There has been much talk about Microsoft’s upcoming Windows 9 just recently, particular with regards to its features. But the actual name of the next major release is still something of a mystery, and given that ‘Windows 9’ is merely a reference point for an upcoming product, like the “Nintendo Revolution” or the “Xbox 720“, it is expected that the software giant will seek a different direction after Windows 7 and Windows 8.
Next week, Microsoft will be holding a special gathering in San Francisco in which some of the major features of Windows 9 will be unveiled. We already know, thanks to an abundance of leaks and screenshots, what to expect for the most part, but still, the world will be watching as everything is made official.
The event itself is an invite-only affair, but while we’re mostly interested in what the next version of Windows offers in terms of functionality and general improvements, the whole naming thing is providing a decent distraction while also helping to generate some hype. The Verge’s Tom Warren has been contacted by Terry Myerson, the head of Windows, who let slip that the company is “still deciding” on precisely which name to pick, but while it seems that even Microsoft hasn’t set Windows 9’s true moniker in stone, there’s a pool of very plausible suggestions currently doing the rounds.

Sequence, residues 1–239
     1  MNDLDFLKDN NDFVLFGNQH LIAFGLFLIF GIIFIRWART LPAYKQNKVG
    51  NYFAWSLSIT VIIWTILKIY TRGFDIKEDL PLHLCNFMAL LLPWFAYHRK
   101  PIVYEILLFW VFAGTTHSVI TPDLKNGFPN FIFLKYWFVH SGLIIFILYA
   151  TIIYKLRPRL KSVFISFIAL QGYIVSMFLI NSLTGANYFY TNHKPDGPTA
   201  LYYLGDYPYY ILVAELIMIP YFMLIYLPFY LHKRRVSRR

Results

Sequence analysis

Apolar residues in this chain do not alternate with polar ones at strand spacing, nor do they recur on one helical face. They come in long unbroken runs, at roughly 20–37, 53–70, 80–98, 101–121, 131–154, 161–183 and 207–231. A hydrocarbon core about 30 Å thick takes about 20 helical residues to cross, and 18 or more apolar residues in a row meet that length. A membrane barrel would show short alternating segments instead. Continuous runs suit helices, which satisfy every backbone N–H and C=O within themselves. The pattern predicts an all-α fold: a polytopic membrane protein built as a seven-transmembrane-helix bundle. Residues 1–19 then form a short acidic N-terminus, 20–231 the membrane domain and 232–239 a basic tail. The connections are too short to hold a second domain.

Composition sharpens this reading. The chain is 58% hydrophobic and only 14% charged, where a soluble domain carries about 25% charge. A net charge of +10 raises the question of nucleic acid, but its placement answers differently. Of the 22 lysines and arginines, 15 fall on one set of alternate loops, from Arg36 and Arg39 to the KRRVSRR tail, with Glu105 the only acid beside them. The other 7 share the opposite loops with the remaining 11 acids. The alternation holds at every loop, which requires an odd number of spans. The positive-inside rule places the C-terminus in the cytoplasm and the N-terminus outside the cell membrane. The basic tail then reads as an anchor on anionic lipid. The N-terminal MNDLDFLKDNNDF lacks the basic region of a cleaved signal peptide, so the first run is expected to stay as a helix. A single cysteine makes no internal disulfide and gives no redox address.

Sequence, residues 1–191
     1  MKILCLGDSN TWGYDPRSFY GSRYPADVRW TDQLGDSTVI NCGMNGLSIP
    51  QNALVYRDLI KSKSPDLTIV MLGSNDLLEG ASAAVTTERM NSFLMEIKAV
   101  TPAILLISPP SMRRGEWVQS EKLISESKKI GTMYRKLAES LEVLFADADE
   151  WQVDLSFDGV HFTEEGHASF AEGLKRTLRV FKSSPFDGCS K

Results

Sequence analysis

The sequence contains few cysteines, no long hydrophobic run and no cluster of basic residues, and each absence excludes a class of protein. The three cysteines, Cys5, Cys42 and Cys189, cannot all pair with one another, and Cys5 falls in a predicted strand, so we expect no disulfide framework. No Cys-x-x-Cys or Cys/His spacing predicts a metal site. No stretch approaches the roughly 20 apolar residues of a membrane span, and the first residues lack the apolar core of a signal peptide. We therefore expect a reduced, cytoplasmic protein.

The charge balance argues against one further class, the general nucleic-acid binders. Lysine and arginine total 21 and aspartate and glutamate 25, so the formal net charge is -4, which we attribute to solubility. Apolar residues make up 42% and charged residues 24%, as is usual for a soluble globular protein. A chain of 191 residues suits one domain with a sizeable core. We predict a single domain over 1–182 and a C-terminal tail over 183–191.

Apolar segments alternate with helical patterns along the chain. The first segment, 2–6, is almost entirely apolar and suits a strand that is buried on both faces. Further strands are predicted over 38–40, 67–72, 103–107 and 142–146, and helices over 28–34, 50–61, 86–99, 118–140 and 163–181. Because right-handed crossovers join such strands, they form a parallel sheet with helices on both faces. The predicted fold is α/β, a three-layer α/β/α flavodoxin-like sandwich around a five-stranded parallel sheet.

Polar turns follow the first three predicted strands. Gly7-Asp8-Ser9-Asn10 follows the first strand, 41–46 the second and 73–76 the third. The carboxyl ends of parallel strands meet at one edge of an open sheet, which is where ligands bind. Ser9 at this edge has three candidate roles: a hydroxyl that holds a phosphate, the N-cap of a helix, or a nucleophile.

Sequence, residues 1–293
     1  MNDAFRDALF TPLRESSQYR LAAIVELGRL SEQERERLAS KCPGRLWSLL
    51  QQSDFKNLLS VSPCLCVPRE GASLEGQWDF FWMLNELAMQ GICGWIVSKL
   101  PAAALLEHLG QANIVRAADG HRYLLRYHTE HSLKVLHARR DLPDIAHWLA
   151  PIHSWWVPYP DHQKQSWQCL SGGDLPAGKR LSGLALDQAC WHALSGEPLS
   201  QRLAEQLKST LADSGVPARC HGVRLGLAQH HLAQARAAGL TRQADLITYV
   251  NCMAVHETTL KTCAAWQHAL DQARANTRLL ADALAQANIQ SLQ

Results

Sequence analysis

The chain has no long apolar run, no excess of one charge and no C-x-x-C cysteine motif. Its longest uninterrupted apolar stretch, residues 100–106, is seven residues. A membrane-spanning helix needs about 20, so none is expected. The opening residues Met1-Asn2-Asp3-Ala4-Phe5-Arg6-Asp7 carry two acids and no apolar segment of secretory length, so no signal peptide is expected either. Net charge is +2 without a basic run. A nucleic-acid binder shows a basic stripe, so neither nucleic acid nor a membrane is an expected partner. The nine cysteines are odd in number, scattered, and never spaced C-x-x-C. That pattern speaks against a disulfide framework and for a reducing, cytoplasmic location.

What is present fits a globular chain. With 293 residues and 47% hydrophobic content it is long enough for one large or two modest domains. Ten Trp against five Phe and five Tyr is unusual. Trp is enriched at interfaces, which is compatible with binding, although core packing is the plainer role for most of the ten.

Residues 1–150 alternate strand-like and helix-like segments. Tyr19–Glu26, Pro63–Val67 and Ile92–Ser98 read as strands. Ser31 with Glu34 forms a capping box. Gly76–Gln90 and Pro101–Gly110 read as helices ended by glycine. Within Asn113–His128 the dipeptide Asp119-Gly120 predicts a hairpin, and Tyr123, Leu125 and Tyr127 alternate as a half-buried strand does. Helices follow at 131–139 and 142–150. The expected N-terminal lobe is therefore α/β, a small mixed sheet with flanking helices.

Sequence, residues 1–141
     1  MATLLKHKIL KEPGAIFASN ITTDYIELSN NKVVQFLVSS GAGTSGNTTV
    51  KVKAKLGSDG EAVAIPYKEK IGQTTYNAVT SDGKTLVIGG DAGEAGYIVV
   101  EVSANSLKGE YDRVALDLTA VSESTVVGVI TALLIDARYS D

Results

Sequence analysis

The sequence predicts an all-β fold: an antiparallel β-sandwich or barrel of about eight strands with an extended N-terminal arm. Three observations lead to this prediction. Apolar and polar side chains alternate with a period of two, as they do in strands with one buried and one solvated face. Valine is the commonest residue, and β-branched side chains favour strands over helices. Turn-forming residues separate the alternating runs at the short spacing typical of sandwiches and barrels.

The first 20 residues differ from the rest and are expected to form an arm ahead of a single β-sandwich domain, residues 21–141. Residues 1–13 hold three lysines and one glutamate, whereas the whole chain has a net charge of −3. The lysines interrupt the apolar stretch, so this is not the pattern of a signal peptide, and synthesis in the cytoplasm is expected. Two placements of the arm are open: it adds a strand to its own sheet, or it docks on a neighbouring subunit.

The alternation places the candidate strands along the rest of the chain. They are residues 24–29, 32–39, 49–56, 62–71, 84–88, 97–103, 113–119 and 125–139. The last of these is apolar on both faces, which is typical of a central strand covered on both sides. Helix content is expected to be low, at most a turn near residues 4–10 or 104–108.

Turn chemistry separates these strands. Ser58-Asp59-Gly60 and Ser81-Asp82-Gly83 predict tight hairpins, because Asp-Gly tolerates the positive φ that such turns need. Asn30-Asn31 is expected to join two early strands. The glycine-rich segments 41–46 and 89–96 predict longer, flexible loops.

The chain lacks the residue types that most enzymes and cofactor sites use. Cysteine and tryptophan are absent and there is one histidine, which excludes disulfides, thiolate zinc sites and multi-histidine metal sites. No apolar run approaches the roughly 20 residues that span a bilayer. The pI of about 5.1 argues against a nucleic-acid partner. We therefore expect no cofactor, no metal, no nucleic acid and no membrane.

“Windows X” is one, “Windows One” another, and given that the company’s new console and renamed cloud service are both “One” themed, the latter makes perfect sense, adding a sense of uniformity across the board.
To simplify things, Microsoft could even just opt for “Windows,” but while it looks clean when written down, could also cause confusion among the consumer market.
“Windows 9” must still be in the frame, and if the company was never really planning to deviate from the numbered system, the joke would most certainly be on us.
Still, we’ll know for sure in a couple of days’ time, and if you’re intrigued to learn of what Microsoft has been preparing for the next generation of Windows, be sure to join us for continued coverage on Tuesday’s event day and throughout next week as the Technical Preview is made public.
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